Barefoot trimming - Good idea or better left to experts?
I was wondering is it worth getting a kit and DVD on how to do barefoot trimming?
My horse doesn't wear shoes because I don't ride her on the road and she has really solid feet. I'm also getting a colt next month and he won't need shoes for atleast another year and a half, if at all. (by the way my own farrier said I don't need shoes for my mare, so I know I'm not causing her damage, because it was his advice, not somehting I decided by myself)
The thing is, it costs nearly as much to have their feet trimmed as it does to have them shod.
Does anybody else do their own horses feet? If so who's methods and kit did you use? Was it easy to pick up? And would you recommend it to others?
Don't use a kit. There is too much to shoeing and trimming to be able to learn it from a kit or DVD. Find someone to show you how to do it and use the other media to enhance what you have been taught. Find someone doing a clinic or work with a farrier for a while.
Thanks for your advice :D
I agree. It is too easy to trim poorly and start a series of events that will affect the horse for a good while. Some farriers will let you watch them and will give simple instruction.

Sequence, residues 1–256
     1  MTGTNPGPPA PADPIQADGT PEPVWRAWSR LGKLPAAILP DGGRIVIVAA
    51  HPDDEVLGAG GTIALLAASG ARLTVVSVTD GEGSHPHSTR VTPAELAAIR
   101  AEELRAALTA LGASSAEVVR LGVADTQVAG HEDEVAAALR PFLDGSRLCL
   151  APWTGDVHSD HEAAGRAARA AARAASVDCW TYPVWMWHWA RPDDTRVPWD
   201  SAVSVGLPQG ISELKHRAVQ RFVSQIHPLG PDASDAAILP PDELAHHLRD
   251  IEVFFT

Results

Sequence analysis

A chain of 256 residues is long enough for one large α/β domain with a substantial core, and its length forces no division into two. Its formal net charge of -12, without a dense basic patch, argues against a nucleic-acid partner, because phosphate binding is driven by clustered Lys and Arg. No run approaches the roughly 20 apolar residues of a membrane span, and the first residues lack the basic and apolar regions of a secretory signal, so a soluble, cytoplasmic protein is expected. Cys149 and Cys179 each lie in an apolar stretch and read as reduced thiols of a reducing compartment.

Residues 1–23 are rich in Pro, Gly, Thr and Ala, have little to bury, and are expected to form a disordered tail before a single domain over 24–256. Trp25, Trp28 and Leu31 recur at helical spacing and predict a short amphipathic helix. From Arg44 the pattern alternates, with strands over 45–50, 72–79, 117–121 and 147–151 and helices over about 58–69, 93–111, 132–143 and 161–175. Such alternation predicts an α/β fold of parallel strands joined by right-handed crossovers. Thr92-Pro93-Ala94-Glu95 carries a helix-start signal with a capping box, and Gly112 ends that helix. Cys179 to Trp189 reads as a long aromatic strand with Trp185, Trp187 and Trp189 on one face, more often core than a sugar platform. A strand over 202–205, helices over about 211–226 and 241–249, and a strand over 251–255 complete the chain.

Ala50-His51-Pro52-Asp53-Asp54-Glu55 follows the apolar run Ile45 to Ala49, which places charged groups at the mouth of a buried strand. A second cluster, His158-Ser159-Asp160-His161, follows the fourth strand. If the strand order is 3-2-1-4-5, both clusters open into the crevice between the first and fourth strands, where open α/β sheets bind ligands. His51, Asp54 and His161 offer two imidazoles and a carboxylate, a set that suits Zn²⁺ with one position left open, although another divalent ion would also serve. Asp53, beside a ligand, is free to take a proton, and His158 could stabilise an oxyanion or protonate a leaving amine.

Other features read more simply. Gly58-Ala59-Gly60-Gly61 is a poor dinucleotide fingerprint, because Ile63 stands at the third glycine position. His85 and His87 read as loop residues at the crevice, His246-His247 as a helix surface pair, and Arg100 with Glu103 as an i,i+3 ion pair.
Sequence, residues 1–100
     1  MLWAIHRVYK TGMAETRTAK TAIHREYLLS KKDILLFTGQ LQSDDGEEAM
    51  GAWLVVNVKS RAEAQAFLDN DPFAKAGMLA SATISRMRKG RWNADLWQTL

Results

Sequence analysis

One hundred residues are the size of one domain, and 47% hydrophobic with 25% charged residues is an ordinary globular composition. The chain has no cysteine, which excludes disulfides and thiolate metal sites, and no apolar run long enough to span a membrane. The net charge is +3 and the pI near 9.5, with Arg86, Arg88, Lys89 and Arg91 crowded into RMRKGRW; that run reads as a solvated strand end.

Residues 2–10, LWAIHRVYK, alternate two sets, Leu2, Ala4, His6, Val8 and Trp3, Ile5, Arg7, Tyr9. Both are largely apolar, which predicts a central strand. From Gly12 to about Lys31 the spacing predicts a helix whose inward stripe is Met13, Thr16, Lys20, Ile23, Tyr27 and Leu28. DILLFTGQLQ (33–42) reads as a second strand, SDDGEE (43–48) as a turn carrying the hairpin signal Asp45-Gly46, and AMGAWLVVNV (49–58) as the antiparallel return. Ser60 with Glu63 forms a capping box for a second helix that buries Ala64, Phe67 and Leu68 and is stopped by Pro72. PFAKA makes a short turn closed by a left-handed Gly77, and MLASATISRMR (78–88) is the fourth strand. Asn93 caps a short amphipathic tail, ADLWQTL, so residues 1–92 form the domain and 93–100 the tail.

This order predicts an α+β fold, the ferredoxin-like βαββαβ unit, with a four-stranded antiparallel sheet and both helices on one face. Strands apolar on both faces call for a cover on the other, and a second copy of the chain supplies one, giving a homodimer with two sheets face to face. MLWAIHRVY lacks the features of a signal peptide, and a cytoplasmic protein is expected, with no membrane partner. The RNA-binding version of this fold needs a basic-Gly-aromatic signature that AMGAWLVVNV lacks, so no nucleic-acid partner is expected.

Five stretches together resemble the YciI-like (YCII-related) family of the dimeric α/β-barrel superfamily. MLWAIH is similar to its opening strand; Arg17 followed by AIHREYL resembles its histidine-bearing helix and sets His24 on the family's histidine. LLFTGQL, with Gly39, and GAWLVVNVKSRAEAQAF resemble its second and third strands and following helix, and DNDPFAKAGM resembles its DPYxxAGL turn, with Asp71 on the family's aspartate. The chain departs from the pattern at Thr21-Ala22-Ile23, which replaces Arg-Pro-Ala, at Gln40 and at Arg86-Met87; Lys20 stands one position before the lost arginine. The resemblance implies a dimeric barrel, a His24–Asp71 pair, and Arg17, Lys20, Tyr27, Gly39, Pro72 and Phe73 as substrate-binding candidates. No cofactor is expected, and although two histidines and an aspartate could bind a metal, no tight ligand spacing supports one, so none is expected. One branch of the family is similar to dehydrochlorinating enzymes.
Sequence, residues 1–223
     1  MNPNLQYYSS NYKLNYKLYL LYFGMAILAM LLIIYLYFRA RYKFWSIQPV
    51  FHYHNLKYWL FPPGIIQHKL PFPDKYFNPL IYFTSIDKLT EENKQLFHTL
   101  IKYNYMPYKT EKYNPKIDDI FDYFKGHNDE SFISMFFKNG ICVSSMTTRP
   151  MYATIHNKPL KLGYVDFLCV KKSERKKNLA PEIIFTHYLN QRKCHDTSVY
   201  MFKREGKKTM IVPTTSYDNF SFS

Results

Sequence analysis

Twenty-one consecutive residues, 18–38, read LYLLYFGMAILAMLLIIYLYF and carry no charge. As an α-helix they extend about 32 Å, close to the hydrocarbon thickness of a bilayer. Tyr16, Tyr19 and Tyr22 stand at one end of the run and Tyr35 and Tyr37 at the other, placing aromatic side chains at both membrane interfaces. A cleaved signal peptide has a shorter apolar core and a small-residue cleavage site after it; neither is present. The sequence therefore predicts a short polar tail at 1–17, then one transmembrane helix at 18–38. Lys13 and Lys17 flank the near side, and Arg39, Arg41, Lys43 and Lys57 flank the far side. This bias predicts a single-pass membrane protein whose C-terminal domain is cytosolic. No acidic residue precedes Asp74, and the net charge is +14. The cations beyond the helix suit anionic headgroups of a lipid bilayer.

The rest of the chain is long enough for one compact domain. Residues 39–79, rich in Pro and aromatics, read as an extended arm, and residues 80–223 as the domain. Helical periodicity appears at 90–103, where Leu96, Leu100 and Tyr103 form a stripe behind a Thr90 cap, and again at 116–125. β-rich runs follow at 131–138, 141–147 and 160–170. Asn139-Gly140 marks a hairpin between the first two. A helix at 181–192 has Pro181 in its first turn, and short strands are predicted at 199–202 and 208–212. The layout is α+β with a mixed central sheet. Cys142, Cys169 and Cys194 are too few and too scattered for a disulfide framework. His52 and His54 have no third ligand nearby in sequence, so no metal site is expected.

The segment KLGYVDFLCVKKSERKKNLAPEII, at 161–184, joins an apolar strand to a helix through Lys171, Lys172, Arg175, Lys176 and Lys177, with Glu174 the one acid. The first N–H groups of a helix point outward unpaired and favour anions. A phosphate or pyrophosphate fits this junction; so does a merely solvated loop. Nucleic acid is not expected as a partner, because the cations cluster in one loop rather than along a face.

I know I'm looking into doing some simple ferrier stuff when I buy my horse in the srpring. I already got some instruction from a ferrier. My intent is to keep up with them myself and do the rasping, then getting a ferrier out a couple of times a year. I certainly don't want to do anything corrective on my own though, but a simple rasping and upkeep should help save a couple bucks.
I trim myself and I love being able to do it! It's very rewarding, but also can be hard on the body. I had a certified barefoot trimmer teach me....but if you want to start learning, get visuals and get familiar with terminology, I'd suggest getting Pete Ramey's DVD series.
I've been trimming our mares for 5+ years after our old farrier convinced me that I could do it myself. Books and DVDs are fine, but nothing replaces seeing it being done by a professional, being able to ask questions, and having one check your work and give you tips while you're learning. Around here, the farriers seem more than happy to help you learn.
It's not hard, but it is work and will make your back sore until you get used to it.
I like doing it because you learn a lot about how your horse's hooves grow and wear, and I can trim them each mare on their own schedule.
Like Alicia said, I'd just like to keep up on Rasping Etc, just to save a few £'s per year in the long run. Do you think renting a DVD first would be worth it, just to see if I understand. You see, I've had a look around and I can't find any open days or anything near me, and my farrier, good as he is, is very set in his ways, and keeps his profession to himself (to be honest I don't think he wants to lose business, which is understandable)
You can utube it as well, that's where I started and got some ideas about structure of the hoof wall and such, just to be more educated. There's a lot of 'fluff' on there but you can sift through it all and learn at least a little more than you did a day before.
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